So, while the Niners were done in by their weaknesses--pass
protection (left tackle Jamie Brown was particularly vulnerable
to outside rushes), pass defense (cornerback Marquez Pope had
trouble staying with Freeman, and free safety Merton Hanks's
penchant for gambling killed San Francisco on each of Freeman's
touchdowns) and shoddy special teams play--the Packers overcame
most of theirs. Running back Travis Jervey (17 carries for a
career-high 95 yards) had by far his best game since he replaced
Levens, and Freeman (seven catches for 193 yards) solidified his
stature as a burgeoning star. "I want to get to that next level,
and a big part of it is stepping it up when stakes are high,"
said Freeman, who before the season opted not to sign an
extension with Green Bay and thus will be a free agent in 1999.
"I want to be a big-game assassin."

He got help from fellow wideout Robert Brooks, a former All-Pro
who has been slowed all season by back pain. In an effort to
restore his health, Brooks recently began ingesting daily doses
of wheat grass mix, a liquid he figures must be of extreme
nutritional value because it's so distasteful. "I had two shots
of it this morning," Brooks said after the game. "I killed the
taste with some carrot juice." The 49ers had trouble stomaching
Brooks's leaping 30-yard touchdown catch, during which he stayed
inbounds by gracefully angling his second foot onto the end zone
pylon. That gave Green Bay a 16-0 advantage with 9:44 left in
the first quarter and continued an alarming trend for San
Francisco: In their previous four meetings the Niners had fallen
behind the Packers 21-0, 6-0, 21-0 and 10-0.

Though the 49ers fought their way back and took the lead this
time, the Pack's defense shut them down when it counted most. In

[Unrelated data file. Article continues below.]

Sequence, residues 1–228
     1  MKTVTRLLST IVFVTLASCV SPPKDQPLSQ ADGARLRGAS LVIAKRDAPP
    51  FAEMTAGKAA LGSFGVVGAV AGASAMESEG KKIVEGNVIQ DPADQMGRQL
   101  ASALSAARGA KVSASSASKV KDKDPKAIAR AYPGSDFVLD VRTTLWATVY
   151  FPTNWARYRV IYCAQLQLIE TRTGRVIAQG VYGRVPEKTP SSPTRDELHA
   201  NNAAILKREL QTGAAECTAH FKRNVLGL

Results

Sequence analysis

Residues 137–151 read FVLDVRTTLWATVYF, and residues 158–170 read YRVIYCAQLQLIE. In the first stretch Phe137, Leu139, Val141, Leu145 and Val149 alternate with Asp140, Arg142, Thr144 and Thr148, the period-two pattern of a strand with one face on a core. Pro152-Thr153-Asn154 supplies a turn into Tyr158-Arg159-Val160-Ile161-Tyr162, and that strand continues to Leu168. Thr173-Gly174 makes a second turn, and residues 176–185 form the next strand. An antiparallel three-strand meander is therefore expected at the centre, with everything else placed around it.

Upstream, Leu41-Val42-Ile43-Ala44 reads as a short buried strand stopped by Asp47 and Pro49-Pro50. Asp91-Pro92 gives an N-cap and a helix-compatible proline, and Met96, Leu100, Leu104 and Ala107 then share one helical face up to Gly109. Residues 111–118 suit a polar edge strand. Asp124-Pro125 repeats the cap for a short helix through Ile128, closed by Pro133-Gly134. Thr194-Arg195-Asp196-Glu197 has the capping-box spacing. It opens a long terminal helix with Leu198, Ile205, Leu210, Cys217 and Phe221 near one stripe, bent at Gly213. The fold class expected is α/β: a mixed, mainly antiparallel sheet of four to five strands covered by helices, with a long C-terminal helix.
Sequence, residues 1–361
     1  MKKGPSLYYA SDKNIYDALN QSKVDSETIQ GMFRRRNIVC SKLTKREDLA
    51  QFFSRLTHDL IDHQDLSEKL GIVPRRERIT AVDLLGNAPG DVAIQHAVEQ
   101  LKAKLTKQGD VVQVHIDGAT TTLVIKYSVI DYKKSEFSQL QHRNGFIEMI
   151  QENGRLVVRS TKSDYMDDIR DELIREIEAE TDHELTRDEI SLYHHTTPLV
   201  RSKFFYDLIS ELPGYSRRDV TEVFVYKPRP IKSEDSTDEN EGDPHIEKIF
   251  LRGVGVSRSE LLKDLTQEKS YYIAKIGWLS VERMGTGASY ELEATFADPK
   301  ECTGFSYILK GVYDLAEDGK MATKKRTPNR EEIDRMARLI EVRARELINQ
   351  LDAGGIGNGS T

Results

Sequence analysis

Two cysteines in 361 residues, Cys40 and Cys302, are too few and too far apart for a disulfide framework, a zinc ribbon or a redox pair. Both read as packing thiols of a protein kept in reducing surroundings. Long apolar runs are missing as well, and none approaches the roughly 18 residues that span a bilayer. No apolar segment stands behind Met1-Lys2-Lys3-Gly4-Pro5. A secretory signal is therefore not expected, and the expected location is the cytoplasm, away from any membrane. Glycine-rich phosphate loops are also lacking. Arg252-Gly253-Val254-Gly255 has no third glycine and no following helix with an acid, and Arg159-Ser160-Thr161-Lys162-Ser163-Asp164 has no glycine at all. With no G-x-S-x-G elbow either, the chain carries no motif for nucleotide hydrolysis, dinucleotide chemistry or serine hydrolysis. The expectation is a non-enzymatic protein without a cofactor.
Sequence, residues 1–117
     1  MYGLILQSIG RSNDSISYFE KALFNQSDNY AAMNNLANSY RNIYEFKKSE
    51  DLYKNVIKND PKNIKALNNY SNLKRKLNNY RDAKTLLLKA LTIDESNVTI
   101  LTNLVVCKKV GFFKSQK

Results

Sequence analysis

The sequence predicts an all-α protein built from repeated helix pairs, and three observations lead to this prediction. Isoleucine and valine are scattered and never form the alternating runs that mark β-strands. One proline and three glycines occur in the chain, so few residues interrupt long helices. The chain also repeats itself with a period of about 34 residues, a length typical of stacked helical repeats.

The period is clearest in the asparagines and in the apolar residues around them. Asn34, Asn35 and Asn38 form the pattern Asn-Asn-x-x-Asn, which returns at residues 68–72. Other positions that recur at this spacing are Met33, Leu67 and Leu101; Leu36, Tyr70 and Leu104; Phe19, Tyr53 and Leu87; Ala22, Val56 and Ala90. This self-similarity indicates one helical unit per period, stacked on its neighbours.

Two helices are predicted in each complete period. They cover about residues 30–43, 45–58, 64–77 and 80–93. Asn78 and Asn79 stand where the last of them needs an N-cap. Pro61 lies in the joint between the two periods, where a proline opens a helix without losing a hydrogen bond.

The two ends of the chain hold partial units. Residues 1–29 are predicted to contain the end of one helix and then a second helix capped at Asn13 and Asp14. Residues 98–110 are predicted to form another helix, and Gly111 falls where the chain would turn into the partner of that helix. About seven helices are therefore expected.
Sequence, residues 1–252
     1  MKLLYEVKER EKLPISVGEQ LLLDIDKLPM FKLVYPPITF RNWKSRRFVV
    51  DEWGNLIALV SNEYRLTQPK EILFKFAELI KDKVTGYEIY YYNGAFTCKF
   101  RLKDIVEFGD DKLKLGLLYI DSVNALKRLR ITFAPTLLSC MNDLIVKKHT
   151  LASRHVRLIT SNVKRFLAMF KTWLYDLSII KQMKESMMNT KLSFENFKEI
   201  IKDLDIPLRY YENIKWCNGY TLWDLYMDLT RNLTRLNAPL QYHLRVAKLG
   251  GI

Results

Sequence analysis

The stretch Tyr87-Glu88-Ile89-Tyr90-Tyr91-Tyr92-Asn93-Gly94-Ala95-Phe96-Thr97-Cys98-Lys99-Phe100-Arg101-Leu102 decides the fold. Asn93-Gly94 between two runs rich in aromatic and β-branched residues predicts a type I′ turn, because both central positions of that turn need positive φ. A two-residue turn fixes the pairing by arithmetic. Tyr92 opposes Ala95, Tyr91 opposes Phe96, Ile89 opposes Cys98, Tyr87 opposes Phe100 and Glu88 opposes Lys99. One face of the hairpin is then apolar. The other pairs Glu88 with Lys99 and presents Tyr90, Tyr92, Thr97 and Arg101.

sharp contrast to its embarrassing fade-out at the end of Super
Bowl XXXII, the Green Bay defensive line got stronger in the
late stages of Sunday's game. Rookie defensive end Vonnie
Holliday has emerged as a force, but the biggest burst of energy
has come from the 36-year-old White, who retired briefly in
April before deciding to fight through his back pain and play
another year. He had three sacks to increase his season's total
to 11--he is the league's career leader with 187 1/2--and put
him on pace to eclipse his single-season high of 21 in 1987. Is
it wheat grass? Divine intervention? "He went to a witch
doctor," Dotson joked, "but he won't admit it."

If White is the heart of the Packers' defense, Butler is its
soul. Playing on a left ankle so badly sprained he had trouble
walking two days before the game, he nevertheless was all over
the place. He blitzed from the right side to sack Young on the
Niners' first play from scrimmage and never let up. "We've got a
lot of nice, quiet guys in here, but I think I make up for it,"
Butler said, as he limped out of the locker room. "Sometimes you
need a little attitude. It's good for everybody to know you have
confidence, and this was the type of game that helps us regain
our status. We were in a daze for a while, and it's my job to
snap us out of it."

The 49ers, until further notice, remain under the Packers'
spell.

COLOR PHOTO: PHOTOGRAPH BY JOHN BIEVER TIP-TOP TOE CONTROL Brooks, who had three catches, nailed the pylon with his right foot for the score that gave Green Bay an early 16-0 lead. [Robert Brooks catching football for touchdown with Darnell walker in pursuit] COLOR PHOTO: PETER READ MILLER THE BUTLER DID IT With exhortations on the sideline and critical sacks early and late, the bold Butler rallied the Green Bay defense. [LeRoy Butler sacking Steve Young] COLOR PHOTO: PETER READ MILLER SWIPED Pat Terrell made the Pack's only interception, but the secondary helped hold the 49ers to 186 yards passing. [Pat Terrell intercepting football, as LeRoy Butler lunges for it]

"They're challenging our ability to win a championship," said
Young, "and we've got to overcome that."

"Sometimes you need a little attitude," said Butler. "We were in
a daze for a while, and it's my job to snap us out of it."

HOLE YARDS PAR R1 R2 R3 R4
OUT
HOLE YARDS PAR R1 R2 R3 R4
IN
Eagle (-2)
Birdie (-1)
Bogey (+1)
Double Bogey (+2)